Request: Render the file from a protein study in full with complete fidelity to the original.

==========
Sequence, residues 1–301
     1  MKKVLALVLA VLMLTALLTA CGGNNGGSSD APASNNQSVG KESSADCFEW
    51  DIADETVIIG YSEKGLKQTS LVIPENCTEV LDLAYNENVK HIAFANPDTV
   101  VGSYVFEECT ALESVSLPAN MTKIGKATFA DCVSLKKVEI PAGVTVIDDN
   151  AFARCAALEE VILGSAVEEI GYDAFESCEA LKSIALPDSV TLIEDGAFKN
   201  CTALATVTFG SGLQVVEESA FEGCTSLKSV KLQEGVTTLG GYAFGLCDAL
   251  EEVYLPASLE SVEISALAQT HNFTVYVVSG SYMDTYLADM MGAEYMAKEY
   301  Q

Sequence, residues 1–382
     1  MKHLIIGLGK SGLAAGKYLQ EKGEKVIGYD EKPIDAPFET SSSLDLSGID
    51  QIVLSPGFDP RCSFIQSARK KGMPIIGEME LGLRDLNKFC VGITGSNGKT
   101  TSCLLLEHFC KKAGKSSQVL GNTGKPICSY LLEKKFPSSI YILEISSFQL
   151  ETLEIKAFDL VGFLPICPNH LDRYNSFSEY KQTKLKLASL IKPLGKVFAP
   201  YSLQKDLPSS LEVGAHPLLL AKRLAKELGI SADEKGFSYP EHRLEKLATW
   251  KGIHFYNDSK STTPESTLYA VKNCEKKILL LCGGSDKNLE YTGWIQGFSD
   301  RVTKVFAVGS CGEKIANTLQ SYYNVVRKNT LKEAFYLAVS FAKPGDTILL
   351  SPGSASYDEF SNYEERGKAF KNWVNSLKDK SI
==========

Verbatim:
Sequence, residues 1–301
     1  MKKVLALVLA VLMLTALLTA CGGNNGGSSD APASNNQSVG KESSADCFEW
    51  DIADETVIIG YSEKGLKQTS LVIPENCTEV LDLAYNENVK HIAFANPDTV
   101  VGSYVFEECT ALESVSLPAN MTKIGKATFA DCVSLKKVEI PAGVTVIDDN
   151  AFARCAALEE VILGSAVEEI GYDAFESCEA LKSIALPDSV TLIEDGAFKN
   201  CTALATVTFG SGLQVVEESA FEGCTSLKSV KLQEGVTTLG GYAFGLCDAL
   251  EEVYLPASLE SVEISALAQT HNFTVYVVSG SYMDTYLADM MGAEYMAKEY
   301  Q

Sequence, residues 1–382
     1  MKHLIIGLGK SGLAAGKYLQ EKGEKVIGYD EKPIDAPFET SSSLDLSGID
    51  QIVLSPGFDP RCSFIQSARK KGMPIIGEME LGLRDLNKFC VGITGSNGKT
   101  TSCLLLEHFC KKAGKSSQVL GNTGKPICSY LLEKKFPSSI YILEISSFQL
   151  ETLEIKAFDL VGFLPICPNH LDRYNSFSEY KQTKLKLASL IKPLGKVFAP
   201  YSLQKDLPSS LEVGAHPLLL AKRLAKELGI SADEKGFSYP EHRLEKLATW
   251  KGIHFYNDSK STTPESTLYA VKNCEKKILL LCGGSDKNLE YTGWIQGFSD
   301  RVTKVFAVGS CGEKIANTLQ SYYNVVRKNT LKEAFYLAVS FAKPGDTILL
   351  SPGSASYDEF SNYEERGKAF KNWVNSLKDK SI